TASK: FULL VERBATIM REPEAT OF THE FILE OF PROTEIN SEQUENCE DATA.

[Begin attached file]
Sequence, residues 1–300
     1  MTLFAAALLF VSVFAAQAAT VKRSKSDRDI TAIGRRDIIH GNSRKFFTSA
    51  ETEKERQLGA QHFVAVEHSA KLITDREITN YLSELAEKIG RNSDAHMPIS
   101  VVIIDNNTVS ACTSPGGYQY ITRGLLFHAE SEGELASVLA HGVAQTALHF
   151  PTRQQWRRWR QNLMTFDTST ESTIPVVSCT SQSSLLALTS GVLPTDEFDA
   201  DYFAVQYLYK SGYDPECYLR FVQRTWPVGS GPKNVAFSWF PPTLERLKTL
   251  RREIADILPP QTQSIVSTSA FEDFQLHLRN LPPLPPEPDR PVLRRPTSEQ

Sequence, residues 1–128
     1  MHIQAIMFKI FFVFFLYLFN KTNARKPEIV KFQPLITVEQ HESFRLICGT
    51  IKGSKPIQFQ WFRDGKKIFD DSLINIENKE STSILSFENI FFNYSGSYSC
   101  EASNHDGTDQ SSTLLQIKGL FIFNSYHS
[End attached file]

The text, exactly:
Sequence, residues 1–300
     1  MTLFAAALLF VSVFAAQAAT VKRSKSDRDI TAIGRRDIIH GNSRKFFTSA
    51  ETEKERQLGA QHFVAVEHSA KLITDREITN YLSELAEKIG RNSDAHMPIS
   101  VVIIDNNTVS ACTSPGGYQY ITRGLLFHAE SEGELASVLA HGVAQTALHF
   151  PTRQQWRRWR QNLMTFDTST ESTIPVVSCT SQSSLLALTS GVLPTDEFDA
   201  DYFAVQYLYK SGYDPECYLR FVQRTWPVGS GPKNVAFSWF PPTLERLKTL
   251  RREIADILPP QTQSIVSTSA FEDFQLHLRN LPPLPPEPDR PVLRRPTSEQ

Sequence, residues 1–128
     1  MHIQAIMFKI FFVFFLYLFN KTNARKPEIV KFQPLITVEQ HESFRLICGT
    51  IKGSKPIQFQ WFRDGKKIFD DSLINIENKE STSILSFENI FFNYSGSYSC
   101  EASNHDGTDQ SSTLLQIKGL FIFNSYHS